I'll have to do more research into the refrigeration vs. humidity issue. I know that is how an air conditioner works; it uses a condenser unit to take humidity out of the air. But how about an old fashion swamp cooler? Has anyone ever thought of mounting one of those on a coach?

Just keeping the "out of the box" ideas going. I have no commitment to the concept yet, but still want to cover all the major points. I would still dig the idea of someday cruising the nation in a coach (freight coach or personalized travel rig), but that still is a ways off for me.
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« Reply #21 on: February 07, 2010, 09:54:55 AM »

One major advantage that you would have with a coach is that you would be in there WITH the orchids, instead of relying on telemetry to tell you if the air is the right temp and humidity.  For that matter, your breath will provide a little of that humdity.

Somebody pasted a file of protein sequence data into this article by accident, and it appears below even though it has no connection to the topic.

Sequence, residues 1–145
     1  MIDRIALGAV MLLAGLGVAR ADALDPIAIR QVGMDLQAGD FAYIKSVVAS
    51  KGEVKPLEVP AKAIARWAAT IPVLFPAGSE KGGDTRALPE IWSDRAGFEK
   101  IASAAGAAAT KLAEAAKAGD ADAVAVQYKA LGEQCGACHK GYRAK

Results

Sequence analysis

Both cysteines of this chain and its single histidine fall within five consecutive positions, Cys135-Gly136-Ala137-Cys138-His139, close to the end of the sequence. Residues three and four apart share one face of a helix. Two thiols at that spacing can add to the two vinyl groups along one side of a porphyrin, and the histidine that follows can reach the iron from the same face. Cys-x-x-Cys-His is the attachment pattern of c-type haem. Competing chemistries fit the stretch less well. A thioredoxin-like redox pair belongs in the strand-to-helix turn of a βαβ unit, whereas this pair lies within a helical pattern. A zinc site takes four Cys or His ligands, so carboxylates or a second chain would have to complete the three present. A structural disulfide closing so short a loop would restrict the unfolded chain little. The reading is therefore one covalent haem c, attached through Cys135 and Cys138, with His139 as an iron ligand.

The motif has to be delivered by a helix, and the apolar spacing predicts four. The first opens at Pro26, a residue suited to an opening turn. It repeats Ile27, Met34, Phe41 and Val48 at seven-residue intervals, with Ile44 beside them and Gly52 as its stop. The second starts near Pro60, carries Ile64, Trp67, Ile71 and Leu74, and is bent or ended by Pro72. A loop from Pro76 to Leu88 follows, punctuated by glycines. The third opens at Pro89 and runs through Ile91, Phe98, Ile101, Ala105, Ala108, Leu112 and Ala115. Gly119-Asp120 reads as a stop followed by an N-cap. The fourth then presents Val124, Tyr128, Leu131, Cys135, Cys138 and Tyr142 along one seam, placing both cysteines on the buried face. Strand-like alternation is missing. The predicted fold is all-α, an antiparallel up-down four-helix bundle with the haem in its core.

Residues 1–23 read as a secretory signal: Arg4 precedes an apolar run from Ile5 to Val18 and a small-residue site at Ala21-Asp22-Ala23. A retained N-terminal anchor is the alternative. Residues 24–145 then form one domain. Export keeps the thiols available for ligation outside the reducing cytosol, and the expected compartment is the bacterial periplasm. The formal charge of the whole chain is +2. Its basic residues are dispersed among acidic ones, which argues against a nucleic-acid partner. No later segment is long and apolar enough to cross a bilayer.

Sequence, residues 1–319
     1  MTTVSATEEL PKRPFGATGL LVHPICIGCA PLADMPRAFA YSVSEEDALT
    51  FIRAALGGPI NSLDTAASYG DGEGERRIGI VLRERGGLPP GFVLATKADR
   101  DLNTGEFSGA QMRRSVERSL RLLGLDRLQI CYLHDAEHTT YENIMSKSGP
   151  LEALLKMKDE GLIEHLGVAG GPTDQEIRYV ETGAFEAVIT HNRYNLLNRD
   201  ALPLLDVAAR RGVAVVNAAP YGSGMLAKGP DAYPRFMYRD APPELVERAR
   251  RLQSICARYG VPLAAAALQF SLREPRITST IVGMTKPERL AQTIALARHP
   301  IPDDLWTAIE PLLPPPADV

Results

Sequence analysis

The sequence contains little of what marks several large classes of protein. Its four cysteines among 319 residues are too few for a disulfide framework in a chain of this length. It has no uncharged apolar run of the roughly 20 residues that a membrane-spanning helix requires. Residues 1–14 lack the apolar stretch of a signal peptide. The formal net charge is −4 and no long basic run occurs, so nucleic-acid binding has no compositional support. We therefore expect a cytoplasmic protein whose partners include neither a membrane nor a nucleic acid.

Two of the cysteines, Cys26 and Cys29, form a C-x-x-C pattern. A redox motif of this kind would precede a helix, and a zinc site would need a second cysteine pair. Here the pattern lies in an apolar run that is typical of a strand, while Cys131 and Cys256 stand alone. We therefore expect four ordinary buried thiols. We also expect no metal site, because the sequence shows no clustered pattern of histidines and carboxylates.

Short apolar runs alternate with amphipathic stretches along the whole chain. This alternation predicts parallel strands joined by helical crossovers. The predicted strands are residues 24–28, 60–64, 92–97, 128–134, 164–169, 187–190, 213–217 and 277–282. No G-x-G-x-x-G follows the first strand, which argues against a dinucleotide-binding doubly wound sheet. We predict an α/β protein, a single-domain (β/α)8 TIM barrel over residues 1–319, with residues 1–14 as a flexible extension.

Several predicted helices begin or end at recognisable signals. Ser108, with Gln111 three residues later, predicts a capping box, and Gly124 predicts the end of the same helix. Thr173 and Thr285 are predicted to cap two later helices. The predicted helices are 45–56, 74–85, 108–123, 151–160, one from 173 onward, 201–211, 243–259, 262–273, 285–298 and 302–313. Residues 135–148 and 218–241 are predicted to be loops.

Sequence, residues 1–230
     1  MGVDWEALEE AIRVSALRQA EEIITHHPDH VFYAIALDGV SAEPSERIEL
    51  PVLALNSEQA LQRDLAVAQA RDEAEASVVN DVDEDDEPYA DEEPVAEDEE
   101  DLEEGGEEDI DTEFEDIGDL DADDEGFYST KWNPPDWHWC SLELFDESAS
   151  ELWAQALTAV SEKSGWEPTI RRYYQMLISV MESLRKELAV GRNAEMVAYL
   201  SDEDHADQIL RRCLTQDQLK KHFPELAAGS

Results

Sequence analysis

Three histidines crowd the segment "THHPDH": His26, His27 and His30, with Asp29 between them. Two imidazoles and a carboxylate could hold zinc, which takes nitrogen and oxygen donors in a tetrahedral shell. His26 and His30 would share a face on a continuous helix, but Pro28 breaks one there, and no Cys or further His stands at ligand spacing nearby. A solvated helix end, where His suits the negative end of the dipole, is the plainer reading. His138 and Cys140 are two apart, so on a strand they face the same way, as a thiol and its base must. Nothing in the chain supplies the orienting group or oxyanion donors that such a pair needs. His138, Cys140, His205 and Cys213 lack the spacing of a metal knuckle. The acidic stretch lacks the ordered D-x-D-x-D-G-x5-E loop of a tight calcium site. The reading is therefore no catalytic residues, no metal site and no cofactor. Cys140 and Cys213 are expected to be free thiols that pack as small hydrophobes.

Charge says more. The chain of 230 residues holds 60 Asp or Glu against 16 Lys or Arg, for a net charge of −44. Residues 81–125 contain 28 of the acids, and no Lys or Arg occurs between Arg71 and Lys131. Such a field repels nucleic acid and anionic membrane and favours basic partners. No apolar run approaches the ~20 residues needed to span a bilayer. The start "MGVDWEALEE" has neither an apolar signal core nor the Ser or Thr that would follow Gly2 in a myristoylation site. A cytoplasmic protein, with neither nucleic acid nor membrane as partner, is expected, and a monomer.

You would need an intercity coach, with the windows skinned over.  You can build inner walls yourself, however thick you need for the insulation you will blow in there.  The factory air conditioning will probably need a couple of rooftop aircons to help.  You will want to install a roof mister for when you are parked, and an interior mister for the humdity -- and you have plenty of basement storage for tanks, pump, and all of the other stuff you need to carry with you.

I agree that you would be happier with a coach that has a wheelchair lift, but you can also make a dumbwaiter if you can't find the lift, either through a window or through a cargo bay..

You want a coach which is just coming out of paid service, where you can check the records for maintenance and repairs, and where you know that the aircon is working well.  You may be able to knock a bit off the price by letting them keep the seats and most of the windows (remember, you're skinning them over), but don't count on it.